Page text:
An Introduction to the Rubidium Cheminforamtics Toolkit - Interconvert SMILES, InChI, and Molfile with an Open Babel-Like Interface
Interconverting molecular languages is a very common operation in cheminformatics, so convenient conversion tools are desirable. Recent articles have discussed JRuby as a functional cheminformatics scripting environement. In this article, we'll see how this functionality can be combined with convenience for molecular language conversions.
In addition to illustrating a technique, this article is the first in a series aimed at documenting a new cheminformatics toolkit for Ruby called "Rubidium". Rubidium will provide a unified set of Ruby APIs for working with diverse Open Source cheminformatics tools.
Rubidium will be distributed under the highly permissive MIT License.
This Rubidium library requires JRuby and the Chemistry Development Kit (CDK). Copying the CDK jarfile into your JRuby
lib directory is all that's needed.
The goal of this library is to provide a simple, yet flexible way to interconvert SMILES, InChI, and molfile formats. It was inspired the Open Babel library, in which an
OBConversion object is configured with input and output formats prior to performing one or more conversions. In today's library, a similar Ruby interface is created for the CDK. Because of it's length, it won't be presented in its entirety. Instead, it can be downloaded here.
Testing the Library
The library can be tested by saving it as a file called cdk.rb and invoking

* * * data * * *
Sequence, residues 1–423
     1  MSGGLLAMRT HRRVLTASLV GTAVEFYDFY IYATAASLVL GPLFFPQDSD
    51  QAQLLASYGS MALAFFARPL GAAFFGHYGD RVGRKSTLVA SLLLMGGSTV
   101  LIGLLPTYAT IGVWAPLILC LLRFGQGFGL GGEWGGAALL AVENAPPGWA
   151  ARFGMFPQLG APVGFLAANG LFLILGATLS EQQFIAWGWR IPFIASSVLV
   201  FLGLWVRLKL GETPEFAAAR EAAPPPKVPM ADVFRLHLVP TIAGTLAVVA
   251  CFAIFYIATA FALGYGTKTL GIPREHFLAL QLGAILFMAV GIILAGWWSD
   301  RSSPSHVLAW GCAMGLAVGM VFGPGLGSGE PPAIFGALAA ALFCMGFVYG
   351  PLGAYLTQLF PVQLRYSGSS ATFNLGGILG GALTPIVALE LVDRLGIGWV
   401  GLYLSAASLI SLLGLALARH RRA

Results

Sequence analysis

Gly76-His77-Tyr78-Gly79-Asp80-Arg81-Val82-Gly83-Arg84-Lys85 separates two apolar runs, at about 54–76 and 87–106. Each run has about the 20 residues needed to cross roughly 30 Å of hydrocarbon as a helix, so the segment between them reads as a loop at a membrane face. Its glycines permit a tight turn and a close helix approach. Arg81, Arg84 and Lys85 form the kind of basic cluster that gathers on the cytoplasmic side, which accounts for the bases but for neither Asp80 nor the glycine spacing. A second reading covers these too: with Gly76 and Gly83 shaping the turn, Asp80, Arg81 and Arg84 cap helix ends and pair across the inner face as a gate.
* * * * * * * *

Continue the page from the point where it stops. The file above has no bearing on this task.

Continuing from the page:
jirb. We can then convert a SMILES for benzene into the InChI for benzene:
jirb irb(main):001:0> require 'cdk' => true irb(main):002:0> c=CDK::Conversion.new => #<CDK::Conversion:0x4c6320 ... > irb(main):003:0> c.set_formats 'smi', 'inchi' => "inchi" irb(main):004:0> c.convert 'c1ccccc1' => "InChI=1/C6H6/c1-2-4-6-5-3-1/h1-6H"
Upcoming articles will show more examples of interconversions using this library, and discuss some of its limitations.
It might be useful for Rubidium to support multiple
Conversions, each using its own cheminformatics toolkit. For example, a recent article discussed SMILES and InChI interconversion with Ruby Open Babel. With a little tweaking, the Ruby Open Babel
OBConversion interface could be make identical to the Ruby interface used in today's tutorial. We could also configure JOELib and Rosetta
Conversions in an analogous fashion.
Rubidium would then offer a family of molecular language converters, each of which used exactly the same API. We could then pick the best converter based on the situation at hand.
With just a little Ruby code, we've created a convenient Ruby interface for interconverting SMILES, InChI, and molfile formats. JRuby supports even more interconversions through the CDK as well as other Java and Java Native Interface libraries. Future articles will discuss some of the possibilities.